Glen Duncan,
I, Lucifer: Finally,
the Other Side of the Story

(Grove, 2003)

This is a gimmick of a novel -- Lucifer gets a chance to go back to Heaven if he can successfully inhabit a mortal's body for a period of time. The mortal he occupies is the suicidally unsucessful writer Declan Gunn. (Notice that's an anagram of author Glen Duncan's name?) There's a lot to wade through to get to the point of the novel, and the narrator (Lucifer) constantly interrupts himself to go off on any subject at all.

While there are some funny parts to the narration, for the most part it is overly long and drawn out, rambling and self-serving. It made the entire book very inaccessible to me, and it exercised my brain to try to follow along and stay on top of where the narrator was going with his point (he often didn't know himself).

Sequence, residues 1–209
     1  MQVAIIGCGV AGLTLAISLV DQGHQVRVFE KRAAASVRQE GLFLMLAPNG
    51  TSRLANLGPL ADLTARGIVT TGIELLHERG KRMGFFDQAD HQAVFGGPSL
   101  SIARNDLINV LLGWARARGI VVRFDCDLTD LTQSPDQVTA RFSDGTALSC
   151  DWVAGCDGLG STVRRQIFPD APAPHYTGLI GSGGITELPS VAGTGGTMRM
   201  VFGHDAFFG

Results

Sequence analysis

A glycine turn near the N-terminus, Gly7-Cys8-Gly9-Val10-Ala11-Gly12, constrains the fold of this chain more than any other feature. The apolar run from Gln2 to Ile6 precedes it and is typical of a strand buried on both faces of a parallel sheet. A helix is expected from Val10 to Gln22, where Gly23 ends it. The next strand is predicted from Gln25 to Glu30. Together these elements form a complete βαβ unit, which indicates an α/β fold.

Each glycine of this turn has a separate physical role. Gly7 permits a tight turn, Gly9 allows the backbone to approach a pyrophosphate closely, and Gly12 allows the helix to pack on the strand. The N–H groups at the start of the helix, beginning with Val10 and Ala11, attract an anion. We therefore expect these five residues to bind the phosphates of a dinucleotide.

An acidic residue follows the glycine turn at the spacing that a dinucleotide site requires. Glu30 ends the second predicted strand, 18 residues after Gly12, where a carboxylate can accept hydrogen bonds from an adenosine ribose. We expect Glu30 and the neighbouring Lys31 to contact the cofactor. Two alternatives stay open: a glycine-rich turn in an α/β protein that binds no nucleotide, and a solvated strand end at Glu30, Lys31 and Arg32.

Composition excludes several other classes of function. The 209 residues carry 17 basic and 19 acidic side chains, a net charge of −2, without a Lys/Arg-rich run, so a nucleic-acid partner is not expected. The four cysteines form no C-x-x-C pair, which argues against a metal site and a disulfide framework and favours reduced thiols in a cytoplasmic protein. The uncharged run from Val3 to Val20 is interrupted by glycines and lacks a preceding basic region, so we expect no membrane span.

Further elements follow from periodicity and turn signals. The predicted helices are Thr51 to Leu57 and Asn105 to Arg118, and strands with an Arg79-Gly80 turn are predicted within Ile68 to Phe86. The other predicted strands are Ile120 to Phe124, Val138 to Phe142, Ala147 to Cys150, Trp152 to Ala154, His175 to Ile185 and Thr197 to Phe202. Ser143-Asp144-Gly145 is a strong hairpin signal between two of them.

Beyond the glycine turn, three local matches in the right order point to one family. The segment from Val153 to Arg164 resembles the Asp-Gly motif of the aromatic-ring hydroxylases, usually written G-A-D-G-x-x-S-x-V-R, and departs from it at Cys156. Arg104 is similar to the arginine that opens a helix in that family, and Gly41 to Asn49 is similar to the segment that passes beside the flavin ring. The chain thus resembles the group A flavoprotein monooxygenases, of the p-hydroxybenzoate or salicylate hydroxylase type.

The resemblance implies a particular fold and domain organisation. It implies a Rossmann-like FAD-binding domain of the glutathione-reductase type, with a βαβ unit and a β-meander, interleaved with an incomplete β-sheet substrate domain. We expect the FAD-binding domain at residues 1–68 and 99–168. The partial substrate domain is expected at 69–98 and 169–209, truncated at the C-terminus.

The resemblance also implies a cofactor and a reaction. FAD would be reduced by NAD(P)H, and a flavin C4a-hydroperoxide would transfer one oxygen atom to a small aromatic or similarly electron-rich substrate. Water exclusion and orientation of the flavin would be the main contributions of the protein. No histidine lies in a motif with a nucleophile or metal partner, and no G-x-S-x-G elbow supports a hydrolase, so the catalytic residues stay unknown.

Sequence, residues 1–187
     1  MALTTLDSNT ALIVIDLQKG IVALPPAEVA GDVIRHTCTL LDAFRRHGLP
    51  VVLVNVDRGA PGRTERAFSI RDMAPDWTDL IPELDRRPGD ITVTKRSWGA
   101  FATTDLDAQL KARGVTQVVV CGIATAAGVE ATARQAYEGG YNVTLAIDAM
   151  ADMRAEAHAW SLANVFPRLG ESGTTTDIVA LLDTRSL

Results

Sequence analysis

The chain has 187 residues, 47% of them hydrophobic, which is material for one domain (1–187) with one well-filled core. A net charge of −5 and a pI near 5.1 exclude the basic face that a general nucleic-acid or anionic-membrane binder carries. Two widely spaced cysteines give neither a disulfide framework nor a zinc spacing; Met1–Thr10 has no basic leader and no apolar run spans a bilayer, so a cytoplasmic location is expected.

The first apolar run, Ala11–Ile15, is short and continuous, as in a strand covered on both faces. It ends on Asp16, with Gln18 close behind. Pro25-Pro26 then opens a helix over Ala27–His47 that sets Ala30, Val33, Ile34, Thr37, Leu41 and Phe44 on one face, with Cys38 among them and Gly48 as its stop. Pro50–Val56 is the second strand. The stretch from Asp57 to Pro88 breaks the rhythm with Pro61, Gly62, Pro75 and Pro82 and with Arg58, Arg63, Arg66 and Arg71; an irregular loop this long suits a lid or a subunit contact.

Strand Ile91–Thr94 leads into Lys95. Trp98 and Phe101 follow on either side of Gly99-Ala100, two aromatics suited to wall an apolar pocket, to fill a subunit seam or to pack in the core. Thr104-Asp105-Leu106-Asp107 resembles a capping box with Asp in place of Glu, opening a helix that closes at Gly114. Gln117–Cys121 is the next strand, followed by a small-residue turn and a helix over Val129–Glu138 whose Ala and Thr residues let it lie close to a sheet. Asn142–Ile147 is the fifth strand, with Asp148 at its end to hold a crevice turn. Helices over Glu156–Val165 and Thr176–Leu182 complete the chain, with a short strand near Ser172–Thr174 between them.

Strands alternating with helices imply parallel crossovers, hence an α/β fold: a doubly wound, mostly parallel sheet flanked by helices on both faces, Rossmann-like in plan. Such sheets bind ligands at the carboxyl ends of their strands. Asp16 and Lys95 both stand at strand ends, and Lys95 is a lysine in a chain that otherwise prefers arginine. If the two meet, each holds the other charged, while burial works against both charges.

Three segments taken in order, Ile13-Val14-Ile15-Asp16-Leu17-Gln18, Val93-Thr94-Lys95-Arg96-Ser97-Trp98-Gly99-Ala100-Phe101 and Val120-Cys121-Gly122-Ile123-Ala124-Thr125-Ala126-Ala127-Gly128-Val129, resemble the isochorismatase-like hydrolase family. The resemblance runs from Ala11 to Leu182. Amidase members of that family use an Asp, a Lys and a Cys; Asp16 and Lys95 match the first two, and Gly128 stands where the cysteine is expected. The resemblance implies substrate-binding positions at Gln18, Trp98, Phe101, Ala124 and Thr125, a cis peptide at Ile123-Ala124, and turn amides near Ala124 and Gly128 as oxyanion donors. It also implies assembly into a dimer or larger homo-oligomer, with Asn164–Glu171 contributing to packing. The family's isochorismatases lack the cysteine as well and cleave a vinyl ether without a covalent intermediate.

Of course, Duncan tries to have his Lucifer explain the backstory to Adam and Eve and angels like Gabriel, and so on, but the stories are just boring and don't really add anything amazing to what we all know from the standard Bible lore. If you want to read a really amazing backstory of the Bible, go check out Christopher Moore's Lamb: The Gospel According to Biff, Christ's Childhood Friend. The book succeeds in having a snarky self-centered narrator explain the real story behind the Bible in every way that this book fails.

by Jessica Lux-Baumann
16 September 2006

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